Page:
Your Elusive Creative Genius

open minded

“And that artistry, in the end, will always ultimately lead to anguish”

 

Many people feel fear, it’s a common emotion in humans and brains to be afraid; especially of failure. In the past, creative minds who put out extremely influential work have all seemed to suffer from their own minds after. Because of this, the reputation of being a creative mind in this society is now also linked to being a depressed or suffering mind. But instead of just accepting this notion, we should all be encouraging the minds of the creative to live and create even more, instead of letting them do their passion and feel used up after that.

In ancient Greece and Rome, creativity was thought of as divine spirits who spoke wisdom to them. Greece called them daemons, and Rome called them genius. Because of this common knowledge, creative minds were never fully blamed for their work. After the renaissance, this changed, and creativity was completely of the person; it went from “having a genius” to be “being a genius”. This definitely can put pressure on artists.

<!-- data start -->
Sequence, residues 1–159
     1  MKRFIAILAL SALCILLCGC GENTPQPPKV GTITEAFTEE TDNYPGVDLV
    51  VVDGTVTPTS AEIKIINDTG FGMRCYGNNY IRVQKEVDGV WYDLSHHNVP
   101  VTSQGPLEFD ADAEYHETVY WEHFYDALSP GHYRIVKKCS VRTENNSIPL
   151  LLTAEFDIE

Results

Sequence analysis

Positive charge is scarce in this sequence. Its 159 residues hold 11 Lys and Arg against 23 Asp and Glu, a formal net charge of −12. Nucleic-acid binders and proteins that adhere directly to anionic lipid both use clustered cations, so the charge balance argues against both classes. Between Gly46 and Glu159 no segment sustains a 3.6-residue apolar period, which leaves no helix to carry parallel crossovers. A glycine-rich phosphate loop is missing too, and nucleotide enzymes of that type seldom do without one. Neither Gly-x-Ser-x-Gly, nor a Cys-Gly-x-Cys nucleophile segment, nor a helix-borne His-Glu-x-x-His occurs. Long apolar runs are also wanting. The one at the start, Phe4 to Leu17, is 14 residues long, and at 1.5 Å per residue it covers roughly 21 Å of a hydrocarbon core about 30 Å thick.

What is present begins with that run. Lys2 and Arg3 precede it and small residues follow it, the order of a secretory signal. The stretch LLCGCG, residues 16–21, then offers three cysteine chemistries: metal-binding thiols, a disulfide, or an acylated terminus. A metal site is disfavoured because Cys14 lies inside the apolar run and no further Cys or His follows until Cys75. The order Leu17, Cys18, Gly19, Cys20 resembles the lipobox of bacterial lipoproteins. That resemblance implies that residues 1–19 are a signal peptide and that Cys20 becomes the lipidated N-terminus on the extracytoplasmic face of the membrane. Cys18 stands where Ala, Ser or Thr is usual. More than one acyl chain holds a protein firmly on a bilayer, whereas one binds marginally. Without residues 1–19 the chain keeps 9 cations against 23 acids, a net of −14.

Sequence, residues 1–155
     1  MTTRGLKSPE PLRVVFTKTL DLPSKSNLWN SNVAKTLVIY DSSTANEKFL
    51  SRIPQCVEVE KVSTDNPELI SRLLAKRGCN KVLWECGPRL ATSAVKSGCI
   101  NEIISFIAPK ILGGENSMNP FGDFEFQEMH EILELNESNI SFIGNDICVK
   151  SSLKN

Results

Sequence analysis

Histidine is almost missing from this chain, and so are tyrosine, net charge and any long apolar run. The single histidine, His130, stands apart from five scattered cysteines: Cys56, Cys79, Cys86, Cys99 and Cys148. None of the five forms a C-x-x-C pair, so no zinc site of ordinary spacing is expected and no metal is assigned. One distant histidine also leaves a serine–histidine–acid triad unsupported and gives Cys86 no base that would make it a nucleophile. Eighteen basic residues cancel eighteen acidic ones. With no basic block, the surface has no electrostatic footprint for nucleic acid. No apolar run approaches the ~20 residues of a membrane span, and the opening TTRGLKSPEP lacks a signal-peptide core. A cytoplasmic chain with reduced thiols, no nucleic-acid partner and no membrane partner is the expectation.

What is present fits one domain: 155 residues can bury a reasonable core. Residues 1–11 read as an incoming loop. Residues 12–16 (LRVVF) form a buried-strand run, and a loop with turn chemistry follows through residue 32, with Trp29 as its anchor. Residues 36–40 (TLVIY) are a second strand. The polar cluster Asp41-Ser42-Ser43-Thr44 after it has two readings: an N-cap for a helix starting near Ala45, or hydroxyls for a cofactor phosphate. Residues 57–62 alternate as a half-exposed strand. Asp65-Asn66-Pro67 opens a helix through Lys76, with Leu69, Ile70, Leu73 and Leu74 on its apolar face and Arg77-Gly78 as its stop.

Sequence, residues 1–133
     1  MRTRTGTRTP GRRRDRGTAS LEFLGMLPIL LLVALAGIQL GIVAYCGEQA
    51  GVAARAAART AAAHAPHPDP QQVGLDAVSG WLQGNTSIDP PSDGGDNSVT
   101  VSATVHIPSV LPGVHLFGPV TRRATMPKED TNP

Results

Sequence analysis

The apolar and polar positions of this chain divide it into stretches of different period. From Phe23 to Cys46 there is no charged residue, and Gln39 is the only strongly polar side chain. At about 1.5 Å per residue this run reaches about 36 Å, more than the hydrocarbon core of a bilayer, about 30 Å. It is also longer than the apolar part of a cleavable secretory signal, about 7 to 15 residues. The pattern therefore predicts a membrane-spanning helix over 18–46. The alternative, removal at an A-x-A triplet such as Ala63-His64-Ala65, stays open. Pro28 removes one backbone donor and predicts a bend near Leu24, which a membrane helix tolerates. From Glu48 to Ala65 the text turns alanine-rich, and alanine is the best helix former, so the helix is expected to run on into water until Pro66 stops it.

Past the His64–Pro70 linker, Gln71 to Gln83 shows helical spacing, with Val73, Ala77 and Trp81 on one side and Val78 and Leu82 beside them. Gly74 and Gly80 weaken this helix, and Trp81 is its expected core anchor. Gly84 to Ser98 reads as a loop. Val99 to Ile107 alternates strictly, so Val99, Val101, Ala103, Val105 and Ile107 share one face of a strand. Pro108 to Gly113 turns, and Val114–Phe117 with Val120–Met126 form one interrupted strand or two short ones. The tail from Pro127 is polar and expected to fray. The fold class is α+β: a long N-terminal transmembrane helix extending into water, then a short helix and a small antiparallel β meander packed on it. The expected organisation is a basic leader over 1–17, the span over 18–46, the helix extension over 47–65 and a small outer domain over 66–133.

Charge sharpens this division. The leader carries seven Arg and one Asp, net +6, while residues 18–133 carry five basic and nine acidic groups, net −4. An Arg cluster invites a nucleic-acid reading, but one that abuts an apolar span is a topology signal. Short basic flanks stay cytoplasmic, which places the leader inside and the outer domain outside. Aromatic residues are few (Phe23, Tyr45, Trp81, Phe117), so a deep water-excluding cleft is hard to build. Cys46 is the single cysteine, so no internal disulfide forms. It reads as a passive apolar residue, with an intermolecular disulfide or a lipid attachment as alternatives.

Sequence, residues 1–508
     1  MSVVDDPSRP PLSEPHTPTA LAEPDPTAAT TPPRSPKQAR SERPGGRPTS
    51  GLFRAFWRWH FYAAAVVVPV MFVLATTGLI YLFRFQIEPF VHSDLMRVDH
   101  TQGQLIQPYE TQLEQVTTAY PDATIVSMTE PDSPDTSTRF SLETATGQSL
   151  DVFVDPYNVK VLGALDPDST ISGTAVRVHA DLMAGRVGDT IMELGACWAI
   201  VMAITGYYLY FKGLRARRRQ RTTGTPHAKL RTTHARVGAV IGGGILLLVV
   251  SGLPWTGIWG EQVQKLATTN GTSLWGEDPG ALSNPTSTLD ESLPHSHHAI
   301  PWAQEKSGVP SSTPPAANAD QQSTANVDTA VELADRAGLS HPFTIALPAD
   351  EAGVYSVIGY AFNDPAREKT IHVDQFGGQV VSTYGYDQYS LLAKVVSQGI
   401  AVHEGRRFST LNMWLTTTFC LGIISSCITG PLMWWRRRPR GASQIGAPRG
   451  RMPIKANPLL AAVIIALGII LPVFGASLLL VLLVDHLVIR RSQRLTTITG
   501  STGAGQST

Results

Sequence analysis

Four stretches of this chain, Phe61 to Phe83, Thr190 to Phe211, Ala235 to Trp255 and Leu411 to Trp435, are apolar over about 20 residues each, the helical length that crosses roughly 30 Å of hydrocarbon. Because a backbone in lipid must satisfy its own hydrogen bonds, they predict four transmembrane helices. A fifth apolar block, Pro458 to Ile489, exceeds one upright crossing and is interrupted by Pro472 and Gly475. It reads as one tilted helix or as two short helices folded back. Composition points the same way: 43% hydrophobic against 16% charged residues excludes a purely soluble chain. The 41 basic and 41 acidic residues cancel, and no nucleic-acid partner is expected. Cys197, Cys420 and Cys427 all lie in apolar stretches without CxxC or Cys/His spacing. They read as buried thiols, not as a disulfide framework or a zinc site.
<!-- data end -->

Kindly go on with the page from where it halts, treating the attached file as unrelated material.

Creative processes are different for everyone, but many can agree that it does often feel like something other than their own creativity. For poet Ruth Stone, she would say a poem was running after her over a landscape, and sometimes she would catch it on paper in time. Other times it would pass through her and look for another poet over the landscape. She even said there were times when she was so close to missing it, she had to write the poem backwards just to pull it back on the page. Most artists can agree to some degree of this.

Instead of being psyched out by this pressure, we can think of it as a loan. An extra piece that boosts our performance at our job that comes and goes if it pleases. We can’t control it. All we can do is show up to our job, do it, and maybe once in a while it will be divine. This way, we may be able to encourage our creativity and inspiration to survive all failure or fear of failure.